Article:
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Bead Embroidery

Learn to do beading

This article on hand embroidery was written and designed by Little Miss Fancy Frocks, the dynamic mother and daughter duo who lovingly create handcrafted clothing for adults and children. Visit their Facebook page here.

The article is sponsored by Minerva Crafts, suppliers of all your embroidery requirements.

Examples of beadwork

Beads have been used to decorate cloth for thousands of years.

Metal, glass, acrylic, plastic and precious stones are just a few of the materials used to make beads and they are available in a huge variety of colours, shapes and sizes. They can be sewn onto fabric with a variety of threads to create something to wear for that extra special occasion, or as an accessory for you or your home.

During this tutorial we will demonstrate how to attach beads and sequins to fabric which you can use to create a lovely motif or add sparkle to your wardrobe.

 

You will need…

Supplies for beadwork

Main fabric for samples (approximately 50cm of light/medium weight fabric), alternatively you can use  oddments you may have at home

30cm of light/medium-weight, non fusible interfacing

Small pieces (10cm x 10cm) of medium-weight fusible interfacing are required if you intend to work the owl, butterflies or dragonfly

A selection of beads – bugle beads, seed beads, sequins, pearls, gems

You will also require an embroidery hoop, a transfer pen,  a sewing needle with an eye large enough for the thread and to thread the beads through and a pair of scissors

Note: We have used general sewing thread (double) for the samples. A new thread can start and finish with a double backstitch (one stitch on top of another stitch)

 

Instructions


Sequins

How to attach sequins

Bring your thread onto the surface of the fabric through the centre of the sequin and take it back through the fabric at the outer edge of the sequin. Repeat this process four times to secure the sequin and stabilise it. If you are working with a large decorative sequin such as a flower head, let the petals guide you. The flower sequin we used has five petals, so five stitches will create a more pleasing look. An alternative method incorporates a bead. Bring your thread onto the surface of the fabric through the sequin and the bead, take your thread back through the centre of the sequin to the underside of the fabric. Sequins can be used to create a border pattern, a circular pattern or used to fill in small areas.

 

Seed Beads and Larger Beads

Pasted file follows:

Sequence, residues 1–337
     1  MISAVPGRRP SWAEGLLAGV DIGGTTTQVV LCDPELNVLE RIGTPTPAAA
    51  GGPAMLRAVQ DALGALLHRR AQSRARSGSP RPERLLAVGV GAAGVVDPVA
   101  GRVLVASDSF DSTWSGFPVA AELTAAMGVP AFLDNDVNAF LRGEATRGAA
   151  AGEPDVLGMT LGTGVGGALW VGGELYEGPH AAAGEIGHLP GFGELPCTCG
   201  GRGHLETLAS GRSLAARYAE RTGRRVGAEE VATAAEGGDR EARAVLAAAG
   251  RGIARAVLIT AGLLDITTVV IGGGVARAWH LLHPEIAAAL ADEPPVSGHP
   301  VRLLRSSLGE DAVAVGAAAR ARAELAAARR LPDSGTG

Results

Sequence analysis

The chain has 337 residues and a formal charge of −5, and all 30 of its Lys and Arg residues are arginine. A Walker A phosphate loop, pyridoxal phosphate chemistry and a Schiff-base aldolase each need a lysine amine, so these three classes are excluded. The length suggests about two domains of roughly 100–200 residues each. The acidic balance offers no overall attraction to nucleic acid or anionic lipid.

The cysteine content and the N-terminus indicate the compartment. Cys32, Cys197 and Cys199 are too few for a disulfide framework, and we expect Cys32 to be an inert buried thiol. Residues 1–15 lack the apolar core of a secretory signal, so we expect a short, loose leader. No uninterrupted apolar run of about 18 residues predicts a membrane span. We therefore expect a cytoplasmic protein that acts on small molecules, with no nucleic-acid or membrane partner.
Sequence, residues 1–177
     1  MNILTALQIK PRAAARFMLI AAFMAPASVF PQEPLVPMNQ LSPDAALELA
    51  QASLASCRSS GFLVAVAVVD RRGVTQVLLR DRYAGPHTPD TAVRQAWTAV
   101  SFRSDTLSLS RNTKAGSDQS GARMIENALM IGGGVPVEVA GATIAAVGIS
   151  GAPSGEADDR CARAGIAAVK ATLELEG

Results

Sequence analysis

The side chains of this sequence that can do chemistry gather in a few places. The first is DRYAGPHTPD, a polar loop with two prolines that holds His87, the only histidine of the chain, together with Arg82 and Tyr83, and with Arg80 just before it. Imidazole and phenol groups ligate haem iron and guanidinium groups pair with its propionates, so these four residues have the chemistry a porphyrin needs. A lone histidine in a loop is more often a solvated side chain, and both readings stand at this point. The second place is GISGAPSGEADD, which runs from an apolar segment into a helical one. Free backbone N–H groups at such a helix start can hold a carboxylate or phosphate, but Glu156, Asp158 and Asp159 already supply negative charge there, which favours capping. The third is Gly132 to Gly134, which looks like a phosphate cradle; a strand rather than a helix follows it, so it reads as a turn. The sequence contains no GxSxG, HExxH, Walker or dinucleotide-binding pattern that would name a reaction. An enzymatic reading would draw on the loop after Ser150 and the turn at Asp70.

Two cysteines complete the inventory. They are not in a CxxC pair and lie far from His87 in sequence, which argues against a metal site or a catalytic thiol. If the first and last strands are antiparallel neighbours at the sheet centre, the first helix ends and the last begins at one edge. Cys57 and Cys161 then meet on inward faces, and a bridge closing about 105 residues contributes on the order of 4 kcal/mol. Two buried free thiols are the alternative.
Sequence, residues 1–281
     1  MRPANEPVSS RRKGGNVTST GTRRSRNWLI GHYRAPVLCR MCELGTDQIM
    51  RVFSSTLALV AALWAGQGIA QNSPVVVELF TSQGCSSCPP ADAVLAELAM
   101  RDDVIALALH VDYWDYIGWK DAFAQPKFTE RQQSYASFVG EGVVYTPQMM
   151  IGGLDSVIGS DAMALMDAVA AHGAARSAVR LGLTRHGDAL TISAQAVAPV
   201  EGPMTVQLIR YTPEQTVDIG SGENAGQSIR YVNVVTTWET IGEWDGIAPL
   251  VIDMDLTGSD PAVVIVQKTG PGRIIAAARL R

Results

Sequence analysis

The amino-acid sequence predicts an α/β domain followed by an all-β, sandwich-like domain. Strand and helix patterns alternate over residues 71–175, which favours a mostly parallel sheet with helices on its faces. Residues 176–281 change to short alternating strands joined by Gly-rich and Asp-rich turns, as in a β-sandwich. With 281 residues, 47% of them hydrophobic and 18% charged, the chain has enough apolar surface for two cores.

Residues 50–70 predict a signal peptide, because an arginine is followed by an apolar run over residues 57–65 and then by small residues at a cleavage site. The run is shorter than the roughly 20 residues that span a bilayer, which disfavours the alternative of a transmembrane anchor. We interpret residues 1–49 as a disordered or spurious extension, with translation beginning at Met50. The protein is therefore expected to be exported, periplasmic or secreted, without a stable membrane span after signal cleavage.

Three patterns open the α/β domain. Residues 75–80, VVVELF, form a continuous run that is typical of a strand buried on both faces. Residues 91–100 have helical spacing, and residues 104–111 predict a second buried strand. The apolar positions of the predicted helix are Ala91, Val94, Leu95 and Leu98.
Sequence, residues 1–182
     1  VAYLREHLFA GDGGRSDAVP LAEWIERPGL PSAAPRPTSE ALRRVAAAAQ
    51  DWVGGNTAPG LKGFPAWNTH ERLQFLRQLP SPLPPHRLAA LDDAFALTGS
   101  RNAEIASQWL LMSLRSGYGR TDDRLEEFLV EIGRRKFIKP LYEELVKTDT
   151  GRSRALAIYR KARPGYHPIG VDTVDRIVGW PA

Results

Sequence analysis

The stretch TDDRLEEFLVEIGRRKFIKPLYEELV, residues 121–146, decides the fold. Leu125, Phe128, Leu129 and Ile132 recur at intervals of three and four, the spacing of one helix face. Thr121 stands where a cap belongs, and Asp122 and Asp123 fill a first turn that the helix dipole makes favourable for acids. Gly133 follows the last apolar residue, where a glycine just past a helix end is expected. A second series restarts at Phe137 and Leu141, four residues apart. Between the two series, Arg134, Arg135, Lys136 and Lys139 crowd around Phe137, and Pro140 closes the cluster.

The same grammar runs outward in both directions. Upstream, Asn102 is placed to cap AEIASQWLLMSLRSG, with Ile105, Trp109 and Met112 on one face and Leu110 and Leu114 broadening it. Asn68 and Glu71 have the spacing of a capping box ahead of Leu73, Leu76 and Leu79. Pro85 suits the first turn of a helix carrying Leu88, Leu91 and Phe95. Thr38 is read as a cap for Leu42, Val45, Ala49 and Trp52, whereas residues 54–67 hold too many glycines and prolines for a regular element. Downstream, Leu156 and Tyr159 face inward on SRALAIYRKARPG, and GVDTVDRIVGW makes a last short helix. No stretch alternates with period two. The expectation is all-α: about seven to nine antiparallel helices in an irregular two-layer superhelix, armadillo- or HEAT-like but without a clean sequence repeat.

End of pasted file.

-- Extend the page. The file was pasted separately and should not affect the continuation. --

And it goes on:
Handling seed beads

Bring your thread onto the surface of the fabric, through the seed bead and back through to the underside of the fabric. Your stitch should not be longer than the width of the seed bead. Seed beads can be used to fill narrow floral and geometric shapes very effectively. Seed beads can also be couched to create a flowing line. Bring your thread onto the surface and thread lots of beads onto the thread and take your needle back to the underside of the fabric. Ensure the tension is firm, not loose or tight. Bring your needle back onto the surface and catch stitch in between every two or three beads to the fabric.

Larger beads can be stitched in place in the same manner. Larger gems normally have two holes and they are stitched top and bottom to ensure they lie flat on the fabric.

 

Bugle Beads 

Sewing bugle beads

Bugle beads are also available in a twisted variety and reflect the light more effectively than the plain version adding a different dimension to the overall effect. Bring your thread onto the surface, thread it through the bugle bead and to the underside of the fabric. Your stitch should not be longer than the bugle bead allowing it to sit flat on the surface. Bugle beads can also be couched in the same way as the seed beads. Interesting patterns can be created with single, double or multiple lines of bugle beads – a basket weave effect can be created by placing the beads in different directions, and a zig zag effect can incorporate beads.

 

Pearls

Beading for embroidery

Pearls are used to create a soft effect and can be combined affectively with all types of beads. They can be used individually or couched to produce flowing or geometric patterns.

 Sequins, pearls and beads were used to enhance the necklines of the dresses and belt.

How to adorn a garment with beads

Working a motif

Draw motifs for beadwork

We used simple templates and transferred the designs onto fabric.

Iron medium-weight fusible interfacing onto the reverse of the fabric which will make  the fabric firm enough to stitch the beads and sequins in place without using an embroidery hoop.  

Allow your creativity to run wild and use sequins and beads in a pattern of your choice to complete one of the motifs.

Show me bead embroidery

When you have completed your motif cut around the edge very carefully and you can use your motif to accessorise clothes or decor.

Samples of beading

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